Thousands of terminal cancer patients will soon no longer have access to a number of potentially life-extending drugs after recent cuts to the Cancer Drugs Fund.

The Cancer Drugs Fund

The Cancer Drugs Fund, or CDF, is a specific resource set up by the Government to pay for cancer drugs that have not been approved by NICE and are, therefore, not available on the NHS. Since it was established in 2010 it has provided £200m each year, enabling patients to access drugs they would not otherwise have had access to. Before it was set up, many patients had to pay for these drugs themselves if a particular drug was not routinely available on the NHS; or, if they lacked the funds, could end up missing out on treatment that could potentially prolong their lives.

While far from perfect, the fund has certainly been a positive measure for many cancer patients.

Approval may not have been given by NICE for many reasons, including prohibitive cost or lack of data on outcomes for newly developed drugs, or those for particularly rare forms of cancer. For many, access to these drugs is impossible without the CDF.

Funding new treatment

However, in the last year the fund has vastly exceeded its budget, reportedly by as much as 50%, and is now said to be unsustainable. A recent report by the National Audit Office stated that the system would have to change, as the NHS simply could not afford to pay for all the drugs available to patients. The NHS recently announced that the CDF will no longer pay for 16 medicines used in 23 different cancer treatments, including drugs used for breast, pancreatic and blood cancers.

This is not the first time cuts have been made. It has been widely reported that, at the start of 2015, there were 84 funded therapies, but after a number of cuts there are now only 41 available. While the drugs approved by the fund have always been kept under review, and changes made depending on clinical results and new drugs becoming available, the cuts now being made are much more severe and far-reaching.

What next for cancer care?

The drugs will be formally removed from the list of approved treatments on 4 November 2015, and will not affect patients currently receiving them. However, this will nonetheless be a blow to many newly, seriously ill patients who will not be able to access these treatments. 

Professor Peter Clark, chair of the CDF, recently said

'We must ensure that we invest in those treatments that offer the most benefit, based on rigorous evidence-based clinical analysis and an assessment of the cost of those treatments.'

This highlights the huge part that cost plays in the decision as to whether a drug will be available through the CDF. This should be a concern for everyone, especially when it is expected that, by 2020, the proportion of people who will be affected by cancer at some point in their lifetime is expected to be 1 in 2. Cancer charities have expressed their distress at the news of the cuts, with the chief executive of Breast Cancer Now saying that it was 'a dreadful day for breast cancer patients', and the Rarer Cancer Foundation describing the cuts as a 'hammer-blow' to patients with rare cancers.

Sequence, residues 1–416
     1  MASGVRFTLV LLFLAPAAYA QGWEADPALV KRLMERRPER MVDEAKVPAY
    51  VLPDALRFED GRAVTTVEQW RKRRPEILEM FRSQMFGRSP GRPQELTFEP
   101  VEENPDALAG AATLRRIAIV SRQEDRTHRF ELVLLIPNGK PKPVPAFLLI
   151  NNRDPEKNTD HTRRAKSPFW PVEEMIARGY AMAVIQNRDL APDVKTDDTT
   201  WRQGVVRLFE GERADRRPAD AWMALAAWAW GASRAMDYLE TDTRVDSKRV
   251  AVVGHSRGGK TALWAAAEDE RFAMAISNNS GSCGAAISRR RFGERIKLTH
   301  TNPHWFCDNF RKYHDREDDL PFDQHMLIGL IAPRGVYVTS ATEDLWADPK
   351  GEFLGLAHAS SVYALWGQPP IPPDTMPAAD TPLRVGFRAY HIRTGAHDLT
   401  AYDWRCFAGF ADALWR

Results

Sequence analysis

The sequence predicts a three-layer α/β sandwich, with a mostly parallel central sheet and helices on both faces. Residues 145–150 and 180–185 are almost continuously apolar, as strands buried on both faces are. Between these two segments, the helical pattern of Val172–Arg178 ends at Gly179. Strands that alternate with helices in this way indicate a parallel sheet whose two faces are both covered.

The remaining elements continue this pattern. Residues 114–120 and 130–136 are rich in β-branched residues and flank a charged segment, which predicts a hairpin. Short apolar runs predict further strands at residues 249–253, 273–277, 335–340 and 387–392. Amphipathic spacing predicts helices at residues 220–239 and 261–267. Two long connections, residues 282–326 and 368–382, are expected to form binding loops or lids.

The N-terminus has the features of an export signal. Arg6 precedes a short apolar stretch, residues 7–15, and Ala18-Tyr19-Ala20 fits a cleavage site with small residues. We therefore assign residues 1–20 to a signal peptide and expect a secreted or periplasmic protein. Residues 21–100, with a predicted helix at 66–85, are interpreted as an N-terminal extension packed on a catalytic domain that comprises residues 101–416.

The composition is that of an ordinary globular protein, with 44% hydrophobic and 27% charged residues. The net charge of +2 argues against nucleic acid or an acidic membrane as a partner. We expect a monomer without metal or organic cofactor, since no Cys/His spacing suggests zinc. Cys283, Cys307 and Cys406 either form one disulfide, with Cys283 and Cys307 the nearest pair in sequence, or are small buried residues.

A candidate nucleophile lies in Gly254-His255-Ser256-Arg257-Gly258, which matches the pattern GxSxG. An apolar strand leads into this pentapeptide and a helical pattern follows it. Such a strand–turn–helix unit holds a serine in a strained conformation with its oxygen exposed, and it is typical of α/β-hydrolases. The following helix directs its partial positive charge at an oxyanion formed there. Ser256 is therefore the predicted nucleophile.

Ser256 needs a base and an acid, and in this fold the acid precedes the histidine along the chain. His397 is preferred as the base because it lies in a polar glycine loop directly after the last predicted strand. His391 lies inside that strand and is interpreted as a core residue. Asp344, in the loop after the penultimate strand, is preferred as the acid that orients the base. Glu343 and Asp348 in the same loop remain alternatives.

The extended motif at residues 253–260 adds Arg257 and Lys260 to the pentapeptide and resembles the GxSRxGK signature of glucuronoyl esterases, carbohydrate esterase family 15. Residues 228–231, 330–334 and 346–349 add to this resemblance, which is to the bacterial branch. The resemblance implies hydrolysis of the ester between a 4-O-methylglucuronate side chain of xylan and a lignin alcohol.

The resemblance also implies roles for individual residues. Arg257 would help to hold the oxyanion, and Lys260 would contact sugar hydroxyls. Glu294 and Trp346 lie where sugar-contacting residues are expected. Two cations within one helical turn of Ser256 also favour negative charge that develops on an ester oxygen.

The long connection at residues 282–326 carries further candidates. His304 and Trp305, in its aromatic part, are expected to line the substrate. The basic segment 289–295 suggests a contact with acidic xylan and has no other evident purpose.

Among the drugs being removed are Kadcyla, used to treat breast cancer, and Avastin, for cervical, breast and bowel cancers, both made by Roche. Roche's chief executive, Severin Schwan, has publically criticised both the decision and the way in which the value of certain drugs is assessed. He also suggested that there would be a ripple effect on research, saying that, if drugs such as Avastin were not made available, then Roche would be unable to conduct clinical trials in England.

Trials often give patients a lifeline and an opportunity to try different drugs when other treatments have not been effective.

Cancer care in the NHS

The NHS is already under scrutiny in this area, as cancer survival rates in the UK are still lagging behind many other European countries. While there have been improvements in survival rates in the UK, studies have shown that, for five of the most commonly occurring cancers, the UK is at least 10 years behind many comparable European countries.

With a limited budget, it is acknowledged that tough choices have to be made by the NHS.

Denying a patient access to a drug that may prolong his or her life is may not in itself be negligent – where a decision to withhold treatment is made at a policy level, that decision can be difficult to challenge. However, the NHS will need to ensure that any further cost-cutting proposals do not put patient safety at risk, or lead to delays in diagnosing cancers that could have been treatable had they been detected earlier.